Bradford & Bingley's shares have all but collapsed as its future is left hanging in the balance. Shares that in May 2008 stood at around 158p each are today valued at around 33p, down 9p from last nights closing price of 42p.
Following last minute jitters from TPG, buy-to-let mortgage
specialist, Bradford & Bingley has been forced to issue yet another revised cash call as its future remains uncertain.
This is just the latest news in a string of controversy that has circled Bradford & Bingley
ever since it first denied its need to raise cash through a rights issue in May.
Two months on and the bank has been forced to amend its 'cautionary' rights issue three times amidst outrage and uproar from shareholders. Its first proposal asked for 82p per share from investors, which was soon overturned as shares in the bank began to fall.
Consequently, Bradford & Bingley opted for an alternative deal that offered Texas Pacific Group a 23 per cent stake in the company and shareholders a further reduced price of 55p per share. However, this move was seen to revoke shareholders' rights to first refusal of shares and stirred upset amongst key players who were keen to rock the boat.
In a stark contrast, turn to today and TPG is no longer in the running, but shareholders are not as pleased as previously thought. The move from TPG came in the light of B&B's credit rating being downgraded by rating agency Moody's, and experts now believe that B&B will struggle to gain adequate backing for the revised rights issue at the deciding meeting on July 17. As a result, the bank's shares are beginning to suffer as a black, Northern Rock shaped cloud hangs over the lender.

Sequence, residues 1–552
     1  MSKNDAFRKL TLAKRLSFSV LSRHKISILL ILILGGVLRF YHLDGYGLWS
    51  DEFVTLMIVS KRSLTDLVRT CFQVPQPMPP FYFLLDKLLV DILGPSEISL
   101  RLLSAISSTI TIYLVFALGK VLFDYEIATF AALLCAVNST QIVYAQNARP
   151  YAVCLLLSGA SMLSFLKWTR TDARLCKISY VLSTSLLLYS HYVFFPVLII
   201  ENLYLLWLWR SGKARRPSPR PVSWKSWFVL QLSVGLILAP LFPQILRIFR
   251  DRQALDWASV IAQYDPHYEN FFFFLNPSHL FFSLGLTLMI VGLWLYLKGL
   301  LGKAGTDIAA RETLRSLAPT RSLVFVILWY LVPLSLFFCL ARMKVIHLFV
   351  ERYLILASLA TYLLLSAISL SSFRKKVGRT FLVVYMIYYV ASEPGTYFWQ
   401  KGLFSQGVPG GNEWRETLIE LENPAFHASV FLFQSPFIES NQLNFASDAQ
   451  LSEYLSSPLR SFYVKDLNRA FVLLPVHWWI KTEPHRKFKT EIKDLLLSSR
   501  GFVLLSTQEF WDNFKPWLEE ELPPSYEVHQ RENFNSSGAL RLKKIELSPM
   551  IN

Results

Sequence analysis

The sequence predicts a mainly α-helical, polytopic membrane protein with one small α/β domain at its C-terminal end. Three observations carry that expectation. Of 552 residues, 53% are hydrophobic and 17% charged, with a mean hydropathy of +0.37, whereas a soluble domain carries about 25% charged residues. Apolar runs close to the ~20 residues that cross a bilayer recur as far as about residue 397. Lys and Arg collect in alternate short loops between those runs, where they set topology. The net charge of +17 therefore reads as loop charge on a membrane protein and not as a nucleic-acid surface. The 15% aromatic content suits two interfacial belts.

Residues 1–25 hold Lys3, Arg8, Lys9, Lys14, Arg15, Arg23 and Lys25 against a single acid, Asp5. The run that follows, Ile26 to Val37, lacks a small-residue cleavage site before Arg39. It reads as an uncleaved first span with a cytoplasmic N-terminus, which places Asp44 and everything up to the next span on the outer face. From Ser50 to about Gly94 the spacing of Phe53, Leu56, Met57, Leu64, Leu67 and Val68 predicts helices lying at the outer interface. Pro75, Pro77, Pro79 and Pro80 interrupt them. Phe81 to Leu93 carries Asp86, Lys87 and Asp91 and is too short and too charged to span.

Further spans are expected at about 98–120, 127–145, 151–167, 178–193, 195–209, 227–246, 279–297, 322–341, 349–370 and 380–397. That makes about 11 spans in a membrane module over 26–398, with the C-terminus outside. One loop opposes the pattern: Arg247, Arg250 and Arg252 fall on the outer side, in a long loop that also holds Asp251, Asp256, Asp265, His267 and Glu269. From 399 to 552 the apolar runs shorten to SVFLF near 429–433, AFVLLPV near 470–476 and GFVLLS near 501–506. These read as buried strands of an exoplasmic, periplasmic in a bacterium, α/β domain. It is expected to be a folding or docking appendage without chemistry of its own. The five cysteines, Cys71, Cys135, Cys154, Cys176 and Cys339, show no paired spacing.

As it stands, the proposed rights issue is underwritten by Citi and UBS, who could be left to clear up the mess. However, it has been reported that sub-underwriting by Legal & General and M&G could bring Citi and UBS' combined net exposure to just £100million, compared with the total proposed £400million cash call, with an additional £55million to be raised in fees.
And, as the rights issue is fully underwritten, rumours are circulating in the City suggesting that investors will not be taking up their rights. And, unless the bank's shares recover, it is unlikely many shareholders will buy shares worth 33p for 55p.
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